I wrote this Review | Editorial and I'm frankly uninterested in inserts that don't allow me to run-flat if I have a catastrophic tire failure on the trail. I really can't be arsed about a few grams - and I save something by not carrying a tube - so I'll either run a rim-size-specific CushCore Pro or Plus insert with a decently durable sidewall (Bontrager SE, EXO+, DD, SuperGrav, WTB Tough Casing, etc) or I'll run a full-on DH casing like the G5 that's exceedingly unlikely to fail.

As pulled from the piece above: "In all cases, these were test rims so I haven't yet tried the tires with any kind of insert. I really like the on-trail characteristics of the G5 without and all of the lighter insert options don't have the run-flat qualities of CushCore, which is the one benefit these G5 setups are missing compared to when I run inserts."


+1 Timer
Axel Ericson  - Oct. 12, 2020, 11:56 p.m.

I think the weight discussions for tires are pretty interesting. While additional weight is a big thing on tight trails where you often accelerate from standstill, the rolling resistance generated by the casing and rubber being deformed while rolling is a far bigger problem with heavy tires imho. All grams on the wheels are not equal, which is why I really love the CushCores. 

I can't talk for the north shore, but where I ride I think alot of riders are "over-tired" (no pun intended). Of course it's not as much an issue if your riding is generally downhill with the climbing just being a mean of transportation, however even then most weekend warriors have a limited fitness and could benefit from using less energy while climbing. 

Just my 5 Swedish coronas.


+1 Axel Ericson
Andrew Major  - Oct. 13, 2020, 6:58 a.m.

There are plenty of riders who’ve made the decision (conscious or not) to be begintermidiates for life and when it comes to casings you could make the argument that some could benefit on the climbs from dialing it back now that some companies (Maxxis) are doing their stickiest compounds in lighter casings. MaxxGrip/EXO for example.

Especially lighter riders or riders using inserts as well.

But, much of the year here even the true-Blue trails can put a good rider on their ass running undergunned on rubber.

For riders still trying to progress or riding Blacks/Double Blacks semi-aggressively I maintain that you just get stronger uphill to compensate for the weight and every minute added to every ride is banked and paid back with interest at the end of the year with zero ride pausing or ride ending flats.


DMVancouver  - Oct. 13, 2020, 2:31 p.m.

@Andrew Major - I am curious to know how these ride-ending flats are happening on the Shore. It’s just not that jagged here. I can count my flats in the last 3 years on 1 hand, and that includes some time spent enduro racing. I think maybe 1 one those flats was a puncture and the other couple were bad rim dents, and I generally run EXO-ish tires. I tried inserts but the key for me is adequate tire pressure. Maybe I’m just lucky. And I am also willing to deal with the increased risk of flatting to not have to pedal around 1400 g tires.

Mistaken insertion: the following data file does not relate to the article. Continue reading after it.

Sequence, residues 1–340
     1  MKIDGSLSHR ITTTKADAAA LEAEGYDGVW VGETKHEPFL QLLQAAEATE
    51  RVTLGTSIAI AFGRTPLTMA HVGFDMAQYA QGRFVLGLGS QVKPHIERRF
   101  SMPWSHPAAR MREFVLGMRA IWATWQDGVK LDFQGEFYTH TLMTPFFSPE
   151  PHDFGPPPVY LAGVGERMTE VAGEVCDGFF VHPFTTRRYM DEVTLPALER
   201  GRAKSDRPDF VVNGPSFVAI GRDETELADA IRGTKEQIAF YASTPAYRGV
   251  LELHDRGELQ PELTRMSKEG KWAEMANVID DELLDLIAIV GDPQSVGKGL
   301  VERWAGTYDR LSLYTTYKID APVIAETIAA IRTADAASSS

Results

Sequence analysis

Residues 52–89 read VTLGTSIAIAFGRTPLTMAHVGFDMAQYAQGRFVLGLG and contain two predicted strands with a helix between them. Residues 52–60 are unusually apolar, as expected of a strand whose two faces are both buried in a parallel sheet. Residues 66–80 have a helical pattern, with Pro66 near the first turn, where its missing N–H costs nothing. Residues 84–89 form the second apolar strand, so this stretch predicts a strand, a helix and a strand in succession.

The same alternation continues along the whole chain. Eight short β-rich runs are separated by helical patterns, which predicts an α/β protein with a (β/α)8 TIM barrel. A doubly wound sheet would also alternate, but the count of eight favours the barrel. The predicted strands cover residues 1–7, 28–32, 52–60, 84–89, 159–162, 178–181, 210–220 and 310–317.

Sure, if you run heavy tires, you are even less likely to flat, but I think many riders would be surprised what they can get away with using lighter casings, and how lighter tires bring their bike to life in terms of versatility.


+2 DMVancouver AndrewR
Andrew Major  - Oct. 13, 2020, 2:50 p.m.

More tire pressure is always an answer. I’ve gotten the majority of my flats, on the Shore, in the last decade on my hardtail. Usually rear wheel. Sometimes damaged tire, sometimes damaged rim. I played around with more pressure but I’m getting old and I’m not smooth and inserts and/or DH casings are a perfect compromise without making the ride really harsh.

On my FS bike I was still good for 1-2 flats a year - usually rear wheel - usually sidewall or casing tear. Both Bear Mountain and Red Mountain in Mission owe me fairly new tires. Credit Line in Squamish was good for a couple. The last time I wrecked a tire on the Shore proper was either Cypress or Ned’s. 

I also had two flats (pressure loss events) last year on Dales which ended up being due to a bad tire bead. Both times I just rode down thanks to the CC insert.

I could totally get away with a lighter setup if I was willing to entertain installing the odd tube on the trail side and I have lots of friends who almost never have issues with much lighter setups and if that works for you great. Personally I think the trade off in never dealing with mechanicals and being able to run lower pressures is great.


+1 DMVancouver
Andrew Major  - Oct. 13, 2020, 2:54 p.m.

I should also note that on my hardtail and my FS bike I prefer the more damped ride of DH rubber and/or inserts. If I preferred the DH ride of a lighter setup I could certainly see min-maxing a pressure v durability v weight setup.


Timer  - Oct. 14, 2020, 6:03 a.m.

One of the reasons for running heavy and sticky tyres on the shore is the variety of trails. There is both old-shool slow tech where sticky rubber is key on roots and rocks, and fast, cunky sections where heavy, tough casings and sidewall stability are most welcome.


M W  - Oct. 16, 2020, 6:33 a.m.

I've ridden the Bontrager SE5 front / SE4 combo since I got surprise impressed with the combo when it came on a new Remedy.  Prior to that I was running all Maxxis and hadn't found anything close in years for predictability and longevity.  These tires last, don't puncture easily, roll well, and perform really well on east coast rooty rocky trails even in the wet.  At around $70 and sometimes less during sales on Trek's site, its any easy choice.  On an Enduro/Trail bike that gets pushed hard, it's a great setup and honestly your aren't giving anything but the bling yellow logo in my opinion.

Not surprised the DH versions talked about in this article similarly stand up to the Maxxis test.


Brayden Bonnett  - Dec. 29, 2020, 6:27 p.m.

Just out of curiosity, are you running these tubeless? I bought a pair and they don't say that they are tubeless compatible but I've seen the Trek Factory peeps running them so I assume they are ok.